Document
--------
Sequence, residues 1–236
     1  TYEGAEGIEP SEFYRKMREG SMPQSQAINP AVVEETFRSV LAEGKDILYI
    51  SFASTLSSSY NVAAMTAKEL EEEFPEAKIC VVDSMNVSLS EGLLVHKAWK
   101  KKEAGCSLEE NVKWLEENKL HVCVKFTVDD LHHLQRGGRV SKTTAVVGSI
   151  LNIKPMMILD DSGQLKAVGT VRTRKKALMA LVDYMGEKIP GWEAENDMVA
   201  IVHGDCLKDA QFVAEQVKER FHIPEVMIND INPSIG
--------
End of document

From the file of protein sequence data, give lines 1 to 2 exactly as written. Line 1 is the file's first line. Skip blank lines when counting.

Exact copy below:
Sequence, residues 1–236
     1  TYEGAEGIEP SEFYRKMREG SMPQSQAINP AVVEETFRSV LAEGKDILYI